By Marcus Kirkwood
How did buying a drill bit get so confusing? Is there a right and wrong? Is there a better or worse? Are all of these ‘improvements’ really even improvements?
There are four main categories in the marketplace, and they all serve a purpose. SDS Max, SDS Plus, Spline, and straight shank bits can be found in almost any hardware store in the world. The question is, which one is right for you for the job at hand.
When you’re looking for a drill, whether it’s SDS Max or SDS Plus, you’ll notice a rating such as 1” or 1 1/8.” This refers to the size of bit the drill is capable of running without losing power. This does NOT mean the size of the shank changes, just that the drill has more or less power for cutting holes or chipping concrete.
The SDS system is said to have been developed by Hilti and Bosch in Germany in the 1970s. At the time, it was a major advancement in the clamping of drill bits, thus allowing holes to be drilled more efficiently. Please note, SDS Plus bits and drills only pertain to the shank. There are multiple types and sizes of bits with an SDS Plus shank. As seen above, it is a pattern that is consistent with all SDS Plus drill receivers. Most commonly, SDS Plus bits are used for holes drilled in masonry and concrete (carbide bits) up to 1” in diameter. They can often be found over 1,” but most contractors move to a drill with more power when drilling holes larger than that.
If you’re whipping out the big guns to cut bigger holes in masonry or concrete, you’d better have a few SDS Max bits in your toolbox. Industry standard says that any hole over 1” is cut with an SDS Max bit. Of course, there are plenty of bits smaller than 1” that can be run with an SDS Max drill, but it can often be overkill. These do allow for a much longer length as well. You will often see bits as long as 36” or some may even have an extension that allows you to cut well over 4.’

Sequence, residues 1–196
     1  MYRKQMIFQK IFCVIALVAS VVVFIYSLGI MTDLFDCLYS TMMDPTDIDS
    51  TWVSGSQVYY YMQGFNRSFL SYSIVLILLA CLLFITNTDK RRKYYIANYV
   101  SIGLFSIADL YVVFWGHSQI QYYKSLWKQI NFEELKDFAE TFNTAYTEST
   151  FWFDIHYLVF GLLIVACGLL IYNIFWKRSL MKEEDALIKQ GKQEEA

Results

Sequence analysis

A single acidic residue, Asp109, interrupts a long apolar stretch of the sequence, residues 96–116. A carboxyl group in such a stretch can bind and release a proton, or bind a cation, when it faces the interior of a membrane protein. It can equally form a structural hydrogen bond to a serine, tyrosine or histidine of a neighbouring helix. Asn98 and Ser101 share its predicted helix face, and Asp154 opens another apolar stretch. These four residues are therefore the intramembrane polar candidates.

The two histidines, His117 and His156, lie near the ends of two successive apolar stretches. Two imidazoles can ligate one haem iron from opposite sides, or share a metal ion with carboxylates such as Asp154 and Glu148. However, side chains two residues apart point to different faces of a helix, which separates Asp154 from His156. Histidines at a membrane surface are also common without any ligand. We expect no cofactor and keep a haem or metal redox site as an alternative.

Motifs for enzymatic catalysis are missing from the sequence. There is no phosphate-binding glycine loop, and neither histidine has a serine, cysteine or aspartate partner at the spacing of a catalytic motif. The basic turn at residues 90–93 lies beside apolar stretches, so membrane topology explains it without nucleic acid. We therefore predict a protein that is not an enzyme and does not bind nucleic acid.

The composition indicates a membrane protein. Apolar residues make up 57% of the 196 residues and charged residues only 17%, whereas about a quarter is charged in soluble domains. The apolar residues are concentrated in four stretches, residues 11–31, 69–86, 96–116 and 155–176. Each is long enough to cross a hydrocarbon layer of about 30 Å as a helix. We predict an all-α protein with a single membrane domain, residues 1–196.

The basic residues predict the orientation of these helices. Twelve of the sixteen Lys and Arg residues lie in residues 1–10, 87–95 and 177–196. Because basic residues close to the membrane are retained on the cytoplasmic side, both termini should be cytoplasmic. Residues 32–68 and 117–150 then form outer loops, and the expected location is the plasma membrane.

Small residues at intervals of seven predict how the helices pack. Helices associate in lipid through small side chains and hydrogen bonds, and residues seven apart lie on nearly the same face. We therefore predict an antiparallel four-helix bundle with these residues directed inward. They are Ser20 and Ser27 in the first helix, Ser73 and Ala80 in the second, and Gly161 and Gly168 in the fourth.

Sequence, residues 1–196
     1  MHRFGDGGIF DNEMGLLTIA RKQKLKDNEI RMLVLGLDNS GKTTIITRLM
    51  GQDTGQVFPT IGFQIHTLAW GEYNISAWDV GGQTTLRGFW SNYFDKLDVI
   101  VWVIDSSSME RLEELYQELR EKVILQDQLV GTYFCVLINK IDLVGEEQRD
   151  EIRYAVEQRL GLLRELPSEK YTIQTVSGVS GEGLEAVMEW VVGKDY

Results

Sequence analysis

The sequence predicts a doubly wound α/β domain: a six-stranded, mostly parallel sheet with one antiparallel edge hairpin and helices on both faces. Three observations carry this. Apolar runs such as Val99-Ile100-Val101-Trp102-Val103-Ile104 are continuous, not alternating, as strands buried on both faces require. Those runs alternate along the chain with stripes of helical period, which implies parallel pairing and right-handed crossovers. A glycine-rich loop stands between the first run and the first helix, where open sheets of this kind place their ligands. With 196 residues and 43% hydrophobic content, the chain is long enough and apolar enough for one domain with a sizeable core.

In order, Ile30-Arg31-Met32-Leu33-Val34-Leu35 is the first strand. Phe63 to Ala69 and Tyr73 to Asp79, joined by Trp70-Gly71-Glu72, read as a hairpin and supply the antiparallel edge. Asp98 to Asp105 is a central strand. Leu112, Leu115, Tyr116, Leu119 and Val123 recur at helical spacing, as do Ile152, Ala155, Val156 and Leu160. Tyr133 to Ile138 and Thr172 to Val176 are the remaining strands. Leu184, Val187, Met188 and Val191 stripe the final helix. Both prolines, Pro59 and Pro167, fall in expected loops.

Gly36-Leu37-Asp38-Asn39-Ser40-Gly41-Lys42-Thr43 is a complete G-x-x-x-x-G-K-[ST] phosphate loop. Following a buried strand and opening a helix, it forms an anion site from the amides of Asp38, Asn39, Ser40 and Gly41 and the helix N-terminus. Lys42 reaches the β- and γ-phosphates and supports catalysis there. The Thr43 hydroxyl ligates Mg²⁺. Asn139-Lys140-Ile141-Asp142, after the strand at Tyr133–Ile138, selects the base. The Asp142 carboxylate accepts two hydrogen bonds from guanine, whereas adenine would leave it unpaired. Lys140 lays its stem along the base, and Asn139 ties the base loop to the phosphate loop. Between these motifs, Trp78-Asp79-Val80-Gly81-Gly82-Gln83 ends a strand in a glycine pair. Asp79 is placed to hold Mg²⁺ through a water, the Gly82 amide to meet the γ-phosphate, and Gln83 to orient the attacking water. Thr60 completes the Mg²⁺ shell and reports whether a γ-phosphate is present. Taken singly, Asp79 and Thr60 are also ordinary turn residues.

Spline bits have become much less common than SDS Plus or SDS Max. They are very similar in capacity and variety to the range available to SDS Max bits. The major difference is that chipping bits and drilling bits that are used for spline drive drills have different shanks as one is smooth and the other has splines.
When OSHA released their changes in silica dust standards, power tool manufacturers were quick to adapt. Many were able to develop a hollow bit that’s compatible with both SDS Max and SDS Plus drills. These bits attach directly to a vacuum so all dust is sucked up the core of the bit, allowing for faster and cleaner drilling. Bosch calls their the Speed Clean Bit, but many other drill bit companies have come to market with cheaper options that are compatible with most HEPA vac systems including these options from DrilTec.
Drills: Rotary vs Demo vs Combo
On top of your numerous bit choices, your most common options for drills are the following: rotary hammers, demolition hammers, and combination hammers. We figure it’s worth describing them all in a quick minute. A rotary hammer uses rotation and a hammering action to break up concrete as a bit rotates. A demolition hammer is far more heavy duty and breaks and chips concrete. A combination hammer can drill or break up concrete by flipping a switch. Be aware as many of these options look very similar. Be sure to read up before you buy a bit or drill that suits your needs.